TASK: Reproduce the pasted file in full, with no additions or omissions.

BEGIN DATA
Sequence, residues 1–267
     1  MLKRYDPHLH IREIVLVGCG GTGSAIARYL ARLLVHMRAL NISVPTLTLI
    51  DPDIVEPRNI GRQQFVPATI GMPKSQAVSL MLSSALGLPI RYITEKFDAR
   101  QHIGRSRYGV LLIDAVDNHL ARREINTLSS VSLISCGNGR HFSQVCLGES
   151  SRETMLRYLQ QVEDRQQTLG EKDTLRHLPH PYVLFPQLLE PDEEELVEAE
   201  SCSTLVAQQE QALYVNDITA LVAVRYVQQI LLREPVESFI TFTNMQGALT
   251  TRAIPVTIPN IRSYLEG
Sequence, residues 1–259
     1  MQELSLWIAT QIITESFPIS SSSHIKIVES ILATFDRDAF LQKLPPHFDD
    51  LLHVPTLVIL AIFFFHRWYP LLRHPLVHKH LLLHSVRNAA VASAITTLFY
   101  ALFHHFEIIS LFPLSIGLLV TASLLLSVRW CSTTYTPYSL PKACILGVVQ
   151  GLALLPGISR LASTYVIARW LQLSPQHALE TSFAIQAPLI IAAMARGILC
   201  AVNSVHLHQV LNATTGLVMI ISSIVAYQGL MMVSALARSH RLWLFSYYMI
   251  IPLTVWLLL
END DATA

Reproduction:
Sequence, residues 1–267
     1  MLKRYDPHLH IREIVLVGCG GTGSAIARYL ARLLVHMRAL NISVPTLTLI
    51  DPDIVEPRNI GRQQFVPATI GMPKSQAVSL MLSSALGLPI RYITEKFDAR
   101  QHIGRSRYGV LLIDAVDNHL ARREINTLSS VSLISCGNGR HFSQVCLGES
   151  SRETMLRYLQ QVEDRQQTLG EKDTLRHLPH PYVLFPQLLE PDEEELVEAE
   201  SCSTLVAQQE QALYVNDITA LVAVRYVQQI LLREPVESFI TFTNMQGALT
   251  TRAIPVTIPN IRSYLEG
Sequence, residues 1–259
     1  MQELSLWIAT QIITESFPIS SSSHIKIVES ILATFDRDAF LQKLPPHFDD
    51  LLHVPTLVIL AIFFFHRWYP LLRHPLVHKH LLLHSVRNAA VASAITTLFY
   101  ALFHHFEIIS LFPLSIGLLV TASLLLSVRW CSTTYTPYSL PKACILGVVQ
   151  GLALLPGISR LASTYVIARW LQLSPQHALE TSFAIQAPLI IAAMARGILC
   201  AVNSVHLHQV LNATTGLVMI ISSIVAYQGL MMVSALARSH RLWLFSYYMI
   251  IPLTVWLLL